At the time of September 11th, 2001, I worked a job several blocks away from the World Trade Center—where I had formerly worked for Cantor Fitzgerald on the 105th floor until the spring of 2001. As you might imagine, it was doubly frightening to hear a loud boom as the first plane hit and to see thousands of papers flying everywhere, like snow, and a massive gash filled with fire in the building I once called my “corporate home.”

I had a lot of friends in that building, and so it was my natural instinct to run over to the North Tower to see if there was anything I could do to help. While standing under the South Tower (which wasn’t hit yet at this point), I could see bodies falling out of the North Tower, some were lifeless and others were frantically flailing around. Then, just as I thought the scene couldn’t get more horrifying, I heard the most dreadful noise: the screeching of the second airplane as it was seemingly absorbed by the South Tower above me in an explosion of fire. I had often saw planes flying under the building and had a superstitious fear that a plane would eventually hit it, but it was shocking to see that superstition born into reality. 

The scene could’ve been straight out of a movie: there were people running everywhere, crying out, tripping over each other, and genuinely feeling we were all going to die. Once I reached my office, I looked back to witness the site from a vantage point on the 24th floor of my building: both towers were hit with multiple planes involved—this must have been intentional. While calling family members and friends to let them know I was okay, I watched as the South Tower collapsed and saw thousands of people running away from the massive dust cloud that began to engulf the entire portion of Lower Manhattan. For several minutes, the windows of our building were covered in complete darkness; we could only watch the office TV for any indication of what was going on outside.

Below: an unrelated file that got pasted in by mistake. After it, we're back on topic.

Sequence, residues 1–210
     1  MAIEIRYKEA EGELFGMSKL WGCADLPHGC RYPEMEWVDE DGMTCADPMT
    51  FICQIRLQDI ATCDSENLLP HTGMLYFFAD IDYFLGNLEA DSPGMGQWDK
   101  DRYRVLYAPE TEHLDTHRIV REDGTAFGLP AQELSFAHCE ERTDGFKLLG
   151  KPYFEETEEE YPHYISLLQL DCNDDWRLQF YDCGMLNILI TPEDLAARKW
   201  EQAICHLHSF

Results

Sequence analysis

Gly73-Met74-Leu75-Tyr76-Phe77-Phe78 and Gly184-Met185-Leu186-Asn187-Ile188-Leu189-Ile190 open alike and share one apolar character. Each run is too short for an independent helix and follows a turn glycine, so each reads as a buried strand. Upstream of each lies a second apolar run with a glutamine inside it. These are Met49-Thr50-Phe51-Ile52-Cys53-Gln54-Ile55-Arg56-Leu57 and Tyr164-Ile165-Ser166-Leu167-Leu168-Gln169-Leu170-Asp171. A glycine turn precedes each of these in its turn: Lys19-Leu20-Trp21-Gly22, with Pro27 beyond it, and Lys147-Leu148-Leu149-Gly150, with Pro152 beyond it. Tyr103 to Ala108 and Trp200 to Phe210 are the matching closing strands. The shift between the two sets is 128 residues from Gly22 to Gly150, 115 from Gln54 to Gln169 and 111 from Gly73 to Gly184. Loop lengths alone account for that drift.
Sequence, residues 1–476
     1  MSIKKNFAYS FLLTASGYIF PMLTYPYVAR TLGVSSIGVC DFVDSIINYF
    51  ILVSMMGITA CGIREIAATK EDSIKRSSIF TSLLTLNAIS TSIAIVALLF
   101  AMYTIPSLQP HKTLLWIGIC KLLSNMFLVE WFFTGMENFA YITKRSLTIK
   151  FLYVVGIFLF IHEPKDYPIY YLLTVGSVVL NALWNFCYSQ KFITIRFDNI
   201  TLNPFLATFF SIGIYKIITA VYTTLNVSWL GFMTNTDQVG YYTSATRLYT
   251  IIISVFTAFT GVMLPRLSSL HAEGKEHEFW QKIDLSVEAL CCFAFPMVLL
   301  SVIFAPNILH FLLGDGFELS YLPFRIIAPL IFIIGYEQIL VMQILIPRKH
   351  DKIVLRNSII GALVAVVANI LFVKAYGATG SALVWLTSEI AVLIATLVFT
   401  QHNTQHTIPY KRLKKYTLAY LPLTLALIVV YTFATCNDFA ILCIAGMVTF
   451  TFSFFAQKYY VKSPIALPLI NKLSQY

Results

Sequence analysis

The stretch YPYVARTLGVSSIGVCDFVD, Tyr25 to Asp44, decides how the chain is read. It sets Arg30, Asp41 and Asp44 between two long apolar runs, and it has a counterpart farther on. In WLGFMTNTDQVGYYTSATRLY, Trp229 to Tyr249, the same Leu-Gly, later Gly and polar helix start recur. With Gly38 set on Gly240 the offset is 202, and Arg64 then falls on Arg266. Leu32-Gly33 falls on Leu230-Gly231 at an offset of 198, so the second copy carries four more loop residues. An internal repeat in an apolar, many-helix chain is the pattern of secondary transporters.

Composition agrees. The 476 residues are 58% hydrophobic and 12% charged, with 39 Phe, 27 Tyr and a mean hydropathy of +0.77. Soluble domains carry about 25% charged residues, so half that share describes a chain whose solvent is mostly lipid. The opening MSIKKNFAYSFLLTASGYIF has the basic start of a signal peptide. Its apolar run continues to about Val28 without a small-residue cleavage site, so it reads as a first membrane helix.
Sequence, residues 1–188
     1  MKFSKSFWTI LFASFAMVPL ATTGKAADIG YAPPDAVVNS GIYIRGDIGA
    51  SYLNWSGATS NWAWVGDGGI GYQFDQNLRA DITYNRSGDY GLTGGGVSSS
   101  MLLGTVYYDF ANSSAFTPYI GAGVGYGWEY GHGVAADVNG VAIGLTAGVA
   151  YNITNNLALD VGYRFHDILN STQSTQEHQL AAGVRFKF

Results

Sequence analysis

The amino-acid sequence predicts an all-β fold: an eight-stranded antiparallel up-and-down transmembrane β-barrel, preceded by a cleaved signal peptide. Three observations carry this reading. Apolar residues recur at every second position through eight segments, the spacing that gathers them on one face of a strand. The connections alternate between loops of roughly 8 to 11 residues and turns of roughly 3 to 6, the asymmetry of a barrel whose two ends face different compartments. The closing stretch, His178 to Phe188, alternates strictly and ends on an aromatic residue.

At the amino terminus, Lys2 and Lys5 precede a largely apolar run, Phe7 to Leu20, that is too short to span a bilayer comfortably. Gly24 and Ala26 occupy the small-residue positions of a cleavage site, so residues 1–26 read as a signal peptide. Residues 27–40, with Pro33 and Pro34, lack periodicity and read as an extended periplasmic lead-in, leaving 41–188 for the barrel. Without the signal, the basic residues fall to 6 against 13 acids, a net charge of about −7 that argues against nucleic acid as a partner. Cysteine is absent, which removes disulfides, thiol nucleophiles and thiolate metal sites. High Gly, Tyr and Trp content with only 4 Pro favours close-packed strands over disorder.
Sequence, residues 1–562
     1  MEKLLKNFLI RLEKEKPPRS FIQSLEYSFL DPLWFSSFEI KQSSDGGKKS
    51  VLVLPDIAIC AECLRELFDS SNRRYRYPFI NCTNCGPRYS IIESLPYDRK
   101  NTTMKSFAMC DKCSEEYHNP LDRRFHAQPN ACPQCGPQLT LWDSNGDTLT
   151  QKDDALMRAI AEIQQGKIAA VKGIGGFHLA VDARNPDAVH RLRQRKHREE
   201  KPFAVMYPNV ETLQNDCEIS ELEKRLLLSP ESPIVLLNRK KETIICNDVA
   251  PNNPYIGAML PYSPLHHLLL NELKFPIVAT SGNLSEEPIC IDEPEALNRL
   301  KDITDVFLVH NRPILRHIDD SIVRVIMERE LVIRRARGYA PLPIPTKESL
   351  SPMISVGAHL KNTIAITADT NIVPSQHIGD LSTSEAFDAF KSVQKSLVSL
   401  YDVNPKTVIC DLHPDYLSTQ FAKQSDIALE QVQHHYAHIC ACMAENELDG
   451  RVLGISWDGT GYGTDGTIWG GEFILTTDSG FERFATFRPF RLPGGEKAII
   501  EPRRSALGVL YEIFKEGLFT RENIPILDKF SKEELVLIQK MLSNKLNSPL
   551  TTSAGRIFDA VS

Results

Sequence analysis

After the dust cleared, I, along with my coworkers, decided to get to Grand Central to evacuate the city. Outside, there were countless cars driving in chaos and people running in circles; many went in the direction of the ferries, but thousands upon thousands of people started to migrate towards Grand Central. On our way there, the North Tower collapsed, knocking out all cell service and preventing contact with the outside world. As we ran from the North Tower’s dust cloud, I noticed that any time someone tripped, they were immediately helped back up; no man or woman was left to fend for themselves—we were all working together to survive together. Once at Grand Central, I was interviewed by CNN and then hopped on the first train to Greenwich.

After taking it all in, checking in with friends, and watching my own interview at my house, my brother, Tim, called and said “we gotta get down there to help.” I agreed; I felt like it was where I belonged. The following morning, my brothers and I went down to Ground Zero dressed in work clothes and equipped with shovels and spackle buckets. Although the police officers down there originally were confused by why we wanted to come back to help, one of the officers allowed us to go through after saying, “you’re the kind of people we’ll need down there.” We spent the next three days digging through the rubble, evading collapsing buildings, and looking for survivors for 20 hours each day, while sleeping for four hours per night inside the zone. In lines of 30 people working together, knee-deep in dust from the debris, we saw images that vividly stay with me today.

What I think embodied the American spirit during those days was how, after passing a jewelry store that was half-ripped open and abandoned, we saw all the jewelry exposed, yet untouched. There was no looting, there was no selfishness, and there were no disagreements. There was just an entire city setting aside any differences it might have had to work together. There were restaurants sending food down for us workers, suppliers readily giving us new construction materials, and crowds of people offering us food, water, and towels. Most importantly, there was tremendous respect for the victims themselves—anytime someone tried taking photos of the site, they were stopped and told to “put the camera down and pick up a shovel.” The worst of times truly do bring out the best in people.

Being down there at Ground Zero in the trenches felt right—it was a new calling. It inspired me to become more involved with my own community through coaching youth sports, volunteering at the Amogerone Volunteer Fire Company, and serving on the Board of Education. That same calling has motivated me to run for State Representative; I want to empower the communities around me and give everyone the chance at success that I had.

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